University of Maine System Chancellor Dannel Malloy (left) sits next to the chair of the system's board of trustees, Trish Riley, during a board meeting at the University of Maine at Presque Isle on Sept. 12, 2022. Credit: Sawyer Loftus / BDN

The lowest enrollment in recent memory is forcing Maine’s public universities to close a $5 million gap in their current budget and setting them up for an “exceedingly worrisome” financial picture next year, according to the University of Maine System’s lead trustee.

Closing the gap means that universities across the system will be forced to keep some vacant teaching positions open, dig into relief and reserve funds, and develop more targeted marketing to drive up the number of transfer students in the spring.

The University of Maine System earlier this year anticipated a 4 percent decrease in enrollment, but the official student count on Oct. 15 was down 5 percent from last fall, representing a decline of about 1,000 students. This fall’s enrollment across the state’s seven universities is 24,808 students.

The system has so far been able to maneuver through this year’s round of budget changes, but next year will likely be a difficult budget season, Trish Riley, chair of the university system’s board of trustees, said Wednesday during a meeting of the board’s finance, facilities and technology committee.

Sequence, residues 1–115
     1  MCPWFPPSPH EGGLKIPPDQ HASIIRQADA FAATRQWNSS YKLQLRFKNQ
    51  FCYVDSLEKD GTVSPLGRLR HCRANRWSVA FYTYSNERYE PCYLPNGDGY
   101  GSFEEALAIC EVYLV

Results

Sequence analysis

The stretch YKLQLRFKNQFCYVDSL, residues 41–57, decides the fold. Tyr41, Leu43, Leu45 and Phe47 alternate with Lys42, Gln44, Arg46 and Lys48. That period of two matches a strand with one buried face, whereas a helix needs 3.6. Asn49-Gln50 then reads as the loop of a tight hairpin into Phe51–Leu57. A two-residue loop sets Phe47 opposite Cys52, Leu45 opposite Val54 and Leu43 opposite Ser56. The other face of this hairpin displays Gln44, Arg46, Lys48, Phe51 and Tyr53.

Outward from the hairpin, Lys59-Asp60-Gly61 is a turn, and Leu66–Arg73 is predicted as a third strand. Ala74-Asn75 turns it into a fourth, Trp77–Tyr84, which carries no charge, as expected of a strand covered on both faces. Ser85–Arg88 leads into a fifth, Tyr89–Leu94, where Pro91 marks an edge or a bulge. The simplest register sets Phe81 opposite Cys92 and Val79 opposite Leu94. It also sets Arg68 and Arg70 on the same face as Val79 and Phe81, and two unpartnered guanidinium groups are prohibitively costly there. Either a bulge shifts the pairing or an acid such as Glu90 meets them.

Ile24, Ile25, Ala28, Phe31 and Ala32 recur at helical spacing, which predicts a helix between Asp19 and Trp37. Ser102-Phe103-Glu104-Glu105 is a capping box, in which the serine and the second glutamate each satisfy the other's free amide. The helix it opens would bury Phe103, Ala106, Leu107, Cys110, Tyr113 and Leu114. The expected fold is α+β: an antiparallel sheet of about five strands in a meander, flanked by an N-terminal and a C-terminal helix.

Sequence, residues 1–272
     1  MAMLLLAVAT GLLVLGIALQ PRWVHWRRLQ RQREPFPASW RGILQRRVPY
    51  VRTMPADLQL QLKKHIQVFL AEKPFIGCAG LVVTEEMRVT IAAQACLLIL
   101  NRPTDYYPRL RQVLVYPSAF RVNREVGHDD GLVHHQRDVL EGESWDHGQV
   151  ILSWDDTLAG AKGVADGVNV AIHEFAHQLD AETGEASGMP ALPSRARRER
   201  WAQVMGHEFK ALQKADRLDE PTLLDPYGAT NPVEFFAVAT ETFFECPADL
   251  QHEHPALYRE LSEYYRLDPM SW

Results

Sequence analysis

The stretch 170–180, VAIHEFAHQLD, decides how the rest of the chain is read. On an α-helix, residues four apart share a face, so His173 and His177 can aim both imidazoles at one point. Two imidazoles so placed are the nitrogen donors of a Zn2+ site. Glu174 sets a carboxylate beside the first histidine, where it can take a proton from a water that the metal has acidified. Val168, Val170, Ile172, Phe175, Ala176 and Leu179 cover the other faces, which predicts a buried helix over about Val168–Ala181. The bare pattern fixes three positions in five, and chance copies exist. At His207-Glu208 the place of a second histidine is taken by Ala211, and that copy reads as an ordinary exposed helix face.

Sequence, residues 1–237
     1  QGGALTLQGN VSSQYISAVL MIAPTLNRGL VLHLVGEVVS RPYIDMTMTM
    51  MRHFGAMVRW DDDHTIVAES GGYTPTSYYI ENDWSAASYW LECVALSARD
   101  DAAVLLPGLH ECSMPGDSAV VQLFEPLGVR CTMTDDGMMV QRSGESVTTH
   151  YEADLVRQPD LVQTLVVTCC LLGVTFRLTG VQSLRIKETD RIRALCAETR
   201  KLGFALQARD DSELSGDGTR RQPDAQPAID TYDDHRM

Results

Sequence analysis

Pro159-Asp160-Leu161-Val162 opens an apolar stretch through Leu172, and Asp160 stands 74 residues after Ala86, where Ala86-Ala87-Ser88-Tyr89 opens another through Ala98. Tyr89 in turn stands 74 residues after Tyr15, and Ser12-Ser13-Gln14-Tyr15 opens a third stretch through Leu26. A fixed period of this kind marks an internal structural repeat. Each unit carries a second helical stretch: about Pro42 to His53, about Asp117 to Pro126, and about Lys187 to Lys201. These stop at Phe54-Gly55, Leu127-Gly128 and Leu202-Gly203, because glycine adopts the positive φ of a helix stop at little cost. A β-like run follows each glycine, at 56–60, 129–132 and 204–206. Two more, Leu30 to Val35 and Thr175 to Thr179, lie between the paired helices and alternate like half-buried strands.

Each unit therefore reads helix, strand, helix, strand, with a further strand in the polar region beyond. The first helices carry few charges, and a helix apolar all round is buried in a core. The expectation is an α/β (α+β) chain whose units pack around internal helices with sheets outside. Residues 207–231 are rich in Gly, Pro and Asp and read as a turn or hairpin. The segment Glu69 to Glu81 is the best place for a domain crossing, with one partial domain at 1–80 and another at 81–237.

“I think what we’re looking at in ’24 is exceedingly worrisome,” she said.

The budget deficits — which are larger than the system initially predicted — will hit each of the university system’s campuses differently, with the most significant effects being felt at smaller campuses.

The University of Maine at Augusta, Fort Kent and Presque Isle and the University of Southern Maine are facing a combined deficit of $5.4 million, according to data presented at Wednesday’s meeting.

The University of Maine at Fort Kent’s deficit equals 11 percent of its total budget, President Deborah Hedeen said.

Ryan Low, the university system’s vice chancellor for finance, said the system expected to have to make some budgetary adjustments, but that they are still difficult to make.

“It’s always challenging when you’re in a reduction mode. There are not tons of options, but we feel like we’ve done a pretty good job of addressing 2023,” Low said. “But it certainly means our 2024 budget development, we’re expecting that to be a challenge.”

In Fort Kent, Hedeen said the university has held off on filling some faculty positions and will use about $800,000 in COVID-19 relief funds to fill the gap.

Similarly, the University of Southern Maine will dig into the $1 million in COVID relief funds it has left. USM also expects some budgetary relief from the fact that its dorms are more than 100 percent full, which brings in additional room and board revenue.

The University of Maine at Augusta plans a more aggressive marketing campaign to appeal to spring transfer students in hopes of making up enrollment, and revenue, losses in the next semester.

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Sawyer Loftus

Sawyer Loftus is a reporter covering Old Town, Orono and the surrounding areas. A recent graduate of the University of Vermont, Sawyer grew up in Vermont where he's worked for Vermont Public Radio, The...